Wednesday, August 31, 2016

Know Your Enemy: Princeton

The Quinnipiac/Princeton weekend, for the last few years, has become a study in contrasts. It cannot have been easy for the Tigers to face a team on Saturday nights that had just had to up their games to take on one of the very best teams in the nation - not when Princeton has been among the worst. The results kind of bear this out - the Tigers have won only two games on Saturday night of a regular league weekend in the last three years (Clarkson and Yale last year), but honestly, things have just been downright bad in New Jersey for a while now and it's hard to ascribe that futility to Quinnipiac's impact alone. Fortunately, things may be starting to turn in the other direction - slowly.

Nickname: Tigers
Location: Princeton, NJ
Founded: 1746
Conference: ECAC (Ivy League)
National Championships: 0
Last NCAA Appearance: 2009
Last Frozen Four: None
Coach: Ron Fogarty (3rd season)
2015-16 Record: 5-23-3 (3-16-3 ECAC, 12th place)
Series: RPI leads, 67-33-11
First Game: January 18, 1952 (Troy, NY)
Last RPI win: February 20, 2016 (Troy, NY)
Last PU win: January 10, 2014 (Princeton, NJ)

2016-17 games: December 3, 2016 (Princeton, NJ); February 17, 2017 (Troy, NY)

Key players: D Tommy Davis, sr.; F Ben Foster, sr.; G Colton Phinney, sr.; D Quin Pompi, sr.; F Ryan Siiro, sr.; F Garrett Skrbich, sr.; D Joe Grabowski, jr.; F David Hallisey, jr.; D Matt Nelson, jr.; F Eric Robinson, jr.; F Ryan Kuffner, so.; F Alex Riche, so.; D Josh Teves, so.; F Max VĂ©ronneau, so.; F Jackson Cressey, fr.; D Derek Topatigh, fr.

Key losses: F Kyle Rankin, F Mike Ambrosia

Previous KYE installments:
In seven seasons at D-III Adrian, a program that Ron Fogarty started from the ground up, the Bulldogs lost a grand total of 23 times under the tutelage of their first head coach. In two seasons at Princeton, Fogarty has lost 23 times... in both seasons. That's against a grand total of 9 wins across those two campaigns. Things couldn't get more starkly different for the man behind the wheel at Baker Rink.

Princeton has been in the absolute basement of the ECAC for the last three seasons, finishing 8 points behind 11th place in 2014 (twice their point total), and 7 points behind 11th in 2015 (on a total of 6 points). 2016 saw an improvement of sorts, as the Tigers finished just 3 points behind 11th place Brown (on 9 total points), but that's pretty thin.

There is certainly room for hope that this year will be better - perhaps only marginally better, but better nonetheless. Rankin and Ambrosia combined for just 5 goals and 13 assists last year (6th and 7th on the team in scoring, respectively), so their contributions won't be that difficult to replace. Realistically, there's nowhere to go but up, and the lack of "losses" for the Tigers only reinforces that idea.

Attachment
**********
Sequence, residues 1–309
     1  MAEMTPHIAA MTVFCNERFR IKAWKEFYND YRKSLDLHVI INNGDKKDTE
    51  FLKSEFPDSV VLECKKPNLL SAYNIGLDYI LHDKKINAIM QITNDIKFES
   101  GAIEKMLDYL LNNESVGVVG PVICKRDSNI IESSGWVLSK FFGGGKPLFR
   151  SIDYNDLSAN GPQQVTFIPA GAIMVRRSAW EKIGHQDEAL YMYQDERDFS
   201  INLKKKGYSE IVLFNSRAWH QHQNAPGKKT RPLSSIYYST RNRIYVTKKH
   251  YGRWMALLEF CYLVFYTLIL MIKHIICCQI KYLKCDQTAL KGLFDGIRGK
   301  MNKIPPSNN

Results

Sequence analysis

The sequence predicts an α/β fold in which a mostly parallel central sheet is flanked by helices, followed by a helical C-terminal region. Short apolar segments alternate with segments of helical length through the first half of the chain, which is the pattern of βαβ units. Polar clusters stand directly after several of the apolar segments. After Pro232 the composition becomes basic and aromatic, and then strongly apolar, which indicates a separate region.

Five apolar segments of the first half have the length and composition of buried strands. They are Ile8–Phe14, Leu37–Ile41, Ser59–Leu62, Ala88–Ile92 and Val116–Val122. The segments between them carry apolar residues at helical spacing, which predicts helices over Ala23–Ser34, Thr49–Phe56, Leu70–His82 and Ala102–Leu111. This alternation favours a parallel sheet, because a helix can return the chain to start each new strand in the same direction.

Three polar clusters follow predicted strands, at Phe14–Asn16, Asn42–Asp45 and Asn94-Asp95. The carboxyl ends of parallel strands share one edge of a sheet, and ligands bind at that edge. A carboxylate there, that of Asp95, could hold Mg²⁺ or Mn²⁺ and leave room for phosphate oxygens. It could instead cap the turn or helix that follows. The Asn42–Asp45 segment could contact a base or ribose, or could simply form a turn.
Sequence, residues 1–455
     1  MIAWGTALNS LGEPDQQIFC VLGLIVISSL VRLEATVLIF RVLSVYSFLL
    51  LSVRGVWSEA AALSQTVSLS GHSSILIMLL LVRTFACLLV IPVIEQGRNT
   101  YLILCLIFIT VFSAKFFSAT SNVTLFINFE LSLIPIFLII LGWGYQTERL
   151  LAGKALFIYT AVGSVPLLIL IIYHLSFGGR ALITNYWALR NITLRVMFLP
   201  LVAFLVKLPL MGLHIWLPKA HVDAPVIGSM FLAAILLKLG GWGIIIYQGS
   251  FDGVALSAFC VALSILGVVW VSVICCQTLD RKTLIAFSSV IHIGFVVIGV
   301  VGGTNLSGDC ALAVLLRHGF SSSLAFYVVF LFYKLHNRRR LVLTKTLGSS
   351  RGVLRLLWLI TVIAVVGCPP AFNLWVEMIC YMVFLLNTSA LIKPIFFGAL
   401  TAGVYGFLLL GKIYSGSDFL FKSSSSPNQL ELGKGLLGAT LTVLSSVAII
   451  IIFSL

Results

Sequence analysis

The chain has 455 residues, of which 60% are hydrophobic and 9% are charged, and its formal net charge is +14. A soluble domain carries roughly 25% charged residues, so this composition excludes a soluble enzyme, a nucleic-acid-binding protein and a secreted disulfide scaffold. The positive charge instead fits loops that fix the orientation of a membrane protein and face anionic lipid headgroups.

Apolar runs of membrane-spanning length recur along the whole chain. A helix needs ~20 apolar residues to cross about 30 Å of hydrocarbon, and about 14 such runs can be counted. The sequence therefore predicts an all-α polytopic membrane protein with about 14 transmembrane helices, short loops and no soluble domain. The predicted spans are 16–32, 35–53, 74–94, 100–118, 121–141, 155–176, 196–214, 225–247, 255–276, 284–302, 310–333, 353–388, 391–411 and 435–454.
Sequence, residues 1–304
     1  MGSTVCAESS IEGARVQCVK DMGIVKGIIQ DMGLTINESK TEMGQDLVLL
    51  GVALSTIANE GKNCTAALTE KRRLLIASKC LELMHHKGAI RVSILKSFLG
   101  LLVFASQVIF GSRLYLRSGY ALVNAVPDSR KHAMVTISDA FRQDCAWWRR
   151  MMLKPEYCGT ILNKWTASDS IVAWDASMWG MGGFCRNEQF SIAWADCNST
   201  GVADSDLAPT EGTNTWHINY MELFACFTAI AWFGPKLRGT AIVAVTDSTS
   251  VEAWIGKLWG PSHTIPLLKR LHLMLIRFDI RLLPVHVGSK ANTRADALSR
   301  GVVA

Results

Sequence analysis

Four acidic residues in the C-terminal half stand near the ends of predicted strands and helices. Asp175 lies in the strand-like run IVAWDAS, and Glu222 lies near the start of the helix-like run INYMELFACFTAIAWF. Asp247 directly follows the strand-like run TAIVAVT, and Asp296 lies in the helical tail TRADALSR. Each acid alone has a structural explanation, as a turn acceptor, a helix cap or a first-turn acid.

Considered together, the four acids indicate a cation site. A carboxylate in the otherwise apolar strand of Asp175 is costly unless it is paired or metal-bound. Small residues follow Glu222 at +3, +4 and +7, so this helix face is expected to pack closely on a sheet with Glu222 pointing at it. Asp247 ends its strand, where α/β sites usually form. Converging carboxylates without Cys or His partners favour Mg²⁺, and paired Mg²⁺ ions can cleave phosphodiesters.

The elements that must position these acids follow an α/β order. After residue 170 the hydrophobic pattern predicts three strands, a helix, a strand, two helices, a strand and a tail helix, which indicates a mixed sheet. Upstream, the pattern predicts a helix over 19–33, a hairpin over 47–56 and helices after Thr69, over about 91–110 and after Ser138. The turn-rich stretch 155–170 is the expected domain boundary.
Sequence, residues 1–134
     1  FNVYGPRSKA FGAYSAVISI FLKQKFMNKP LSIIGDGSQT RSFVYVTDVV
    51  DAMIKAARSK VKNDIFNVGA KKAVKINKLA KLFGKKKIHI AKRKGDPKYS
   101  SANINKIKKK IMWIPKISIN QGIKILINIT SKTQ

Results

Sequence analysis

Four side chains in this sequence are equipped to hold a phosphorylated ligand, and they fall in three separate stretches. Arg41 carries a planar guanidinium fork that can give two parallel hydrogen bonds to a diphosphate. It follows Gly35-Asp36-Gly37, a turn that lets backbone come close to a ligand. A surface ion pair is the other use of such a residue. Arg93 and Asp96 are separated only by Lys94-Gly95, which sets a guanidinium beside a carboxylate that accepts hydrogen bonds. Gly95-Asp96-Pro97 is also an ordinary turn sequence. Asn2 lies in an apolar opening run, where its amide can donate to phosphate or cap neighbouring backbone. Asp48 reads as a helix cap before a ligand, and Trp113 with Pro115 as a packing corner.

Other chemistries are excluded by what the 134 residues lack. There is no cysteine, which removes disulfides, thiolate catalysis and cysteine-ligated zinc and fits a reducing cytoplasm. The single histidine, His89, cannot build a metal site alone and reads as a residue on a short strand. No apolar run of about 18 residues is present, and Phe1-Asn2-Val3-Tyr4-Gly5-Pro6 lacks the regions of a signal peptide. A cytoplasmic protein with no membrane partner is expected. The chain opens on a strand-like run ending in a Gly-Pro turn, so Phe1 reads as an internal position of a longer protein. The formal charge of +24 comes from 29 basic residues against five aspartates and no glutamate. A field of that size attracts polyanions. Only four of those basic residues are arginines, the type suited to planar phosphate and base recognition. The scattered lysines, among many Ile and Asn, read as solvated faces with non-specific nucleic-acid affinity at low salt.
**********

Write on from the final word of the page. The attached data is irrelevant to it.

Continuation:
And there's no doubt that Fogarty's recruits are showing some promise. Kuffner became both the first freshman to lead Princeton in scoring and the first Tiger frosh to post a 20-point season since Andrew Calof did both in 2011. VĂ©ronneau's 11 goals were the most by a Princeton freshman since Brett Wilson in 2006. The two freshmen paced what little offense the Tigers were able to put up, followed by sophomores Robinson and Hallisey. This quartet is doing good things at a relatively young experience level, and if they can show more growth in the next season, that only improves Princeton's upward mobility.

This year, there's no one coming in that stands out as a sure thing injection into a team that still has a lot of gaps to fill, but Cressey at least qualifies as a player who's coming in off a very strong season, scoring well over a point per game with Coquitlam of the BCHL as the captain of the Express. Topatigh was also captain of his team in the OJHL, where he led Orangeville as a puck-moving defenseman. Notably, Fogarty's son Jordan also joins the program this year, giving the ECAC two sons playing for their fathers (Harvard's Ryan Donato being the other).

The Tigers' ace in the hole is Phinney, a player that would probably be earning far wider plaudits had he not been playing on the worst team in the league and being compared to guys like Alex Lyon, Kyle Hayton, Jason Kasdorf, and Michael Garteig at the same time. He's been Princeton's MVP practically since his arrival, and his numbers have only improved from year to year. 2.86 and .924 may look plain and average for most strong netminders, but on this team those are fairly impressive, especially the save percentage. He faces a ton of shots and manages to keep a lot of them out - 2,450 saves in three seasons. By way of comparison, Kasdorf made only 2,290 at RPI and had a career save percentage of .920 - below the mark Phinney had last year. That's a bit of an apples to oranges comparison, but it's at least illustrative that Phinney is better than he's usually given credit for.

It's hard to see Princeton making vast improvements over what they had last year to the tune of being super competitive in the ECAC this year, but they pieces are certainly in place to at least continue the progression. If Phinney can get any semblance of defensive capacity in front of him, he might be enough to push the Tigers toward a position where they could fight to nab one of the last home playoff spots in the first round, but it'll be a battle for sure. Princeton might be improving, but they're still not quite at the league average just yet. But Ron Fogarty does at least seem to have things moving in the right direction and this could be an entirely different conversation in a year, maybe two.

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